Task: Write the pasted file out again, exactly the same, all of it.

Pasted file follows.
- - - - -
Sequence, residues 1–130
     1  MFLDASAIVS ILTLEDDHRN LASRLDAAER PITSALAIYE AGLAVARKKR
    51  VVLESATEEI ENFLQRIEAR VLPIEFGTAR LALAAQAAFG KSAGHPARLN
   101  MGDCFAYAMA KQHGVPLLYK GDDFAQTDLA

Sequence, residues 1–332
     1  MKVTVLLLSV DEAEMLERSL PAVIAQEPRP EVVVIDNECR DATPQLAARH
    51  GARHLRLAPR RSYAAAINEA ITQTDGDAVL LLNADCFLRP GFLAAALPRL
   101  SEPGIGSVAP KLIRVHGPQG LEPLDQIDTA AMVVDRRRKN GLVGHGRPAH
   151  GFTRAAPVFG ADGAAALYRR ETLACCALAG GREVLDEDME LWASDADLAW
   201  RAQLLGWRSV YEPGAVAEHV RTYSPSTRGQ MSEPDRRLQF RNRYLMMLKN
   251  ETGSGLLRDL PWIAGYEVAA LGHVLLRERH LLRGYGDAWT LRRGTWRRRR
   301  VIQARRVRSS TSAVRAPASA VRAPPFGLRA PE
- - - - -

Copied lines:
Sequence, residues 1–130
     1  MFLDASAIVS ILTLEDDHRN LASRLDAAER PITSALAIYE AGLAVARKKR
    51  VVLESATEEI ENFLQRIEAR VLPIEFGTAR LALAAQAAFG KSAGHPARLN
   101  MGDCFAYAMA KQHGVPLLYK GDDFAQTDLA

Sequence, residues 1–332
     1  MKVTVLLLSV DEAEMLERSL PAVIAQEPRP EVVVIDNECR DATPQLAARH
    51  GARHLRLAPR RSYAAAINEA ITQTDGDAVL LLNADCFLRP GFLAAALPRL
   101  SEPGIGSVAP KLIRVHGPQG LEPLDQIDTA AMVVDRRRKN GLVGHGRPAH
   151  GFTRAAPVFG ADGAAALYRR ETLACCALAG GREVLDEDME LWASDADLAW
   201  RAQLLGWRSV YEPGAVAEHV RTYSPSTRGQ MSEPDRRLQF RNRYLMMLKN
   251  ETGSGLLRDL PWIAGYEVAA LGHVLLRERH LLRGYGDAWT LRRGTWRRRR
   301  VIQARRVRSS TSAVRAPASA VRAPPFGLRA PE